Build Your Team With Character First

So much can be said about character. To me, it is the number one thing I look for in another person in any walk of life, not just professionally. Character is our moral fiber. It is what makes us who we are and it provides us what we need when we are at our whit’s end.

Mark Twain said, “It is curious that physical courage should be so common in the world and moral courage so rare.” I don’t know if it is so rare or it is just not advertised. Doing the right thing, being paitent and kind, being strong when the chips are on the line, these are things that just aren’t talked about. They are exactly the types of things I look for in those around me.

I am a huge football fan. My team I root for is the Kansas City Chiefs. In 1998, after a very good run in 1997 and a 13-3 regular season record and a disappointing loss to the division rival Denver Broncos in the divisional round of the playoffs, Marty Schottenheimer was going all-in to try and win a Super Bowl. He brought in several players of questionable character, but with above average talent. This move backfired and Marty experienced his first and only losing season in his coaching career, going 7-9. Marty went against his moral fiber and brought in players purely on talent. He never did this again in his other coaching stops. He only had one other losing season.

In my own career, I have spent much of the interview process talking with the candidate. I’ve been known to take a candidate to Starbucks and buy them a coffee and just try and get to know them. During nice weather, I might take them on a walk through the trails by our offices if their shoes are up for it. This approach tells me more about the person and I also get a feel for their qualifications. I can always coach them up or teach the person a skill, but I can’t teach them to be a person I trust with the operation and execution of my future and the futures of those I work with.

In short, when looking to who to surround yourself with, look to character before talent and you’ll do much better in the long run. I’ve mentioned George Washington as one historical person I’ve looked up to as a leader. He was quoted as saying, “It is better to be alone than in bad company.” There is so much truth in this short statement.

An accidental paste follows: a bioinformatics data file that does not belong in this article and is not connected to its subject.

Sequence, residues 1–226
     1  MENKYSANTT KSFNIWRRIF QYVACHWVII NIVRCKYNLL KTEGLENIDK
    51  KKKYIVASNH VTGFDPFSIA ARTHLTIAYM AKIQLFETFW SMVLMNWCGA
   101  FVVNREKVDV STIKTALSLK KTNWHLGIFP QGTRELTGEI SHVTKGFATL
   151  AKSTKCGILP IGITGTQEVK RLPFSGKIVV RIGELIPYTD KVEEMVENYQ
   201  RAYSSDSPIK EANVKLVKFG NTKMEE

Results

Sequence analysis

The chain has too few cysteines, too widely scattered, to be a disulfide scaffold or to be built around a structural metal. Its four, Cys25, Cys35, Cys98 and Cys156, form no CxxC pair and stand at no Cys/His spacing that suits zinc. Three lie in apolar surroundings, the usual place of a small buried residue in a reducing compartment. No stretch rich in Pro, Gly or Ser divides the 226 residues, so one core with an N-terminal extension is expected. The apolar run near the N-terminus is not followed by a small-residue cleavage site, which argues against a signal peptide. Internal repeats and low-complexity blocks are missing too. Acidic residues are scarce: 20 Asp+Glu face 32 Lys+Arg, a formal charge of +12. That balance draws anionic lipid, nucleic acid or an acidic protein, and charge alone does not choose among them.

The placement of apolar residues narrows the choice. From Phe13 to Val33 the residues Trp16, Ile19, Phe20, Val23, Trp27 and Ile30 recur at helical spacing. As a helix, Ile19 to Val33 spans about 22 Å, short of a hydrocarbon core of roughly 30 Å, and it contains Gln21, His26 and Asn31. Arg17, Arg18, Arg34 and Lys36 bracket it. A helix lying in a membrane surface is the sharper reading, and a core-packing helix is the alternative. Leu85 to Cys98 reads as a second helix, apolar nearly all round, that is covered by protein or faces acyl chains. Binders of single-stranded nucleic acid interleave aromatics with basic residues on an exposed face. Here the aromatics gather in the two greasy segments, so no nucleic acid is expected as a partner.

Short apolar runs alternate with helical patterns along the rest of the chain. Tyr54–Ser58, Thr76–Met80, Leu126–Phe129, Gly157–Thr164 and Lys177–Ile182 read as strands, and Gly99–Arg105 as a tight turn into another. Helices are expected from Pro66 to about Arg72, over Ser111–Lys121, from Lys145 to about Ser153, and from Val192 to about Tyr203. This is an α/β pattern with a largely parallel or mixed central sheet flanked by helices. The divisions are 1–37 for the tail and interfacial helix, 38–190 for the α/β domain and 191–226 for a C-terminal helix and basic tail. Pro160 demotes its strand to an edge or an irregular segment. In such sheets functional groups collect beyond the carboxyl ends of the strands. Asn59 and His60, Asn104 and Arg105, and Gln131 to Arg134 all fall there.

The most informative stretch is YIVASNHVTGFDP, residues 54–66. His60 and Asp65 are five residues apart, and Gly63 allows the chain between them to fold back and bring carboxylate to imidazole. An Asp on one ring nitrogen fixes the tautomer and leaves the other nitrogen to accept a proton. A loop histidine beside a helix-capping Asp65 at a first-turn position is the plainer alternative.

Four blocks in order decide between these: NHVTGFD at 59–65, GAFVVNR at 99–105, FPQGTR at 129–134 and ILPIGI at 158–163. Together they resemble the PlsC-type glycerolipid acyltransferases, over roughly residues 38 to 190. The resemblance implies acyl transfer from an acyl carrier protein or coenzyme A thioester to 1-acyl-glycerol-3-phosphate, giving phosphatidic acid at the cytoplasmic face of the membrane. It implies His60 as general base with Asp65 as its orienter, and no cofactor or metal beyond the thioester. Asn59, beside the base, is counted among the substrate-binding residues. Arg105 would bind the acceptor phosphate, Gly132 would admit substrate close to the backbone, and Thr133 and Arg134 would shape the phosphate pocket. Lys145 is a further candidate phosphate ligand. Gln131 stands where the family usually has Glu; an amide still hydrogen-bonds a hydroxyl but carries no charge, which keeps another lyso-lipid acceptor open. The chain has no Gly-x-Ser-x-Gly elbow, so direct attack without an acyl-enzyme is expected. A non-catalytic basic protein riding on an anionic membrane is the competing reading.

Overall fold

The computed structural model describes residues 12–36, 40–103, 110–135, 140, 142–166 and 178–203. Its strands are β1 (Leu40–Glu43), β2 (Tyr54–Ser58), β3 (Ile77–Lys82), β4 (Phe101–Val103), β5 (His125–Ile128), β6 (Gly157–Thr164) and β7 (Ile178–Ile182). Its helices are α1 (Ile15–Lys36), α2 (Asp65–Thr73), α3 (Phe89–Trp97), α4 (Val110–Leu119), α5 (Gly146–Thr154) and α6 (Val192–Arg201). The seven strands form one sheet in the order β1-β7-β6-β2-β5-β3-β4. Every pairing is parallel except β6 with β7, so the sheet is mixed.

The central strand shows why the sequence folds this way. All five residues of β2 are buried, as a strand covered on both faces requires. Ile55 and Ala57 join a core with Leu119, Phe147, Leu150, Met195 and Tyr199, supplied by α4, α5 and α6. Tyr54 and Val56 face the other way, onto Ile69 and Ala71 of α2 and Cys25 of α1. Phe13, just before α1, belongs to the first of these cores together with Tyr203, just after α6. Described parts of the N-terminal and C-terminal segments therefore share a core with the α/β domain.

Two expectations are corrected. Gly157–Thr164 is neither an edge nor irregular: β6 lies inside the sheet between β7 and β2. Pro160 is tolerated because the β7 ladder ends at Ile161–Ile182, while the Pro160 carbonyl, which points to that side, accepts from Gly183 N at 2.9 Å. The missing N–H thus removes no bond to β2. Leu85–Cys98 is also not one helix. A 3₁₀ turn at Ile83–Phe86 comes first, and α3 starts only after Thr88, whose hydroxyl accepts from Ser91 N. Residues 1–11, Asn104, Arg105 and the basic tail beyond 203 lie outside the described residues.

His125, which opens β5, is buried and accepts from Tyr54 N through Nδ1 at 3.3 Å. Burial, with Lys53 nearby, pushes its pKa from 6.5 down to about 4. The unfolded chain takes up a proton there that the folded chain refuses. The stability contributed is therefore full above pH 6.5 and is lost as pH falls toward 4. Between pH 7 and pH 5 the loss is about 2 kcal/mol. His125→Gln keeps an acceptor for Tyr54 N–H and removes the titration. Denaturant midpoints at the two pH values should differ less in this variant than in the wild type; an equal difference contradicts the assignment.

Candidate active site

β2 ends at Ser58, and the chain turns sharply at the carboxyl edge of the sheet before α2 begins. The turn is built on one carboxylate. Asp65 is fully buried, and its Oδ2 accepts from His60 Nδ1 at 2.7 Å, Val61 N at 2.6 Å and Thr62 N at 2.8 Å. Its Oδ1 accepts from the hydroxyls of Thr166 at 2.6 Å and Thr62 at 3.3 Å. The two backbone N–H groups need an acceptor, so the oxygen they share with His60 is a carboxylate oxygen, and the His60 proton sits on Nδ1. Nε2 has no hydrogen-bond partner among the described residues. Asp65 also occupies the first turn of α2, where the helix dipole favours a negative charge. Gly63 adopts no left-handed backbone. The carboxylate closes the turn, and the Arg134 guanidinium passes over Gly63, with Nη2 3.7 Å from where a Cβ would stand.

Celebrate Every Win

In the fast paced world we live in it can be very easy to skip from one thing to the next and expect for things to work out or just flat out expect to win. I do this. I expect to win, no matter the situation. I can be teaching someone a skill, building something, playing a game, having an argument or even driving to work, I expect to win. I would argue, this isn’t a bad quality at all, except when you don’t recognize your accomplishments. Learning to celebrate success is truly what winning is about at any level.

It took me years to realize that sometimes winning can happen in losing too. No one celebrates losing. Losing imagery usually looks something like this:

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The truth about losing is sometimes things don’t go as planned. Sometimes you can win and still not reach the pinnacle. I think back to the 2014 Kansas City Royals coming 90 feet from tying the game in the 9th inning of Game 7 of the World Series against Madison Bumgarner and the Giants. They didn’t win the game or the series, but they proved to everyone in Kansas City that they were a force to be reckoned with. They eventually won the whole thing in 2015 against the Mets and are off to a promising start in 2016 despite the projections of regression.

Winning has become second nature to the Royals. How did they get to that after decades of losing? It’s my belief that winning for the Royals started while they were still losing ball games. The players they brought in and the players they had developed knew what winning was. It was something they lived and breathed everyday in their work ethic and execution. They knew, in order to be successful, winning is sacrifice, determination and hard work. It’s believing in yourself and your team.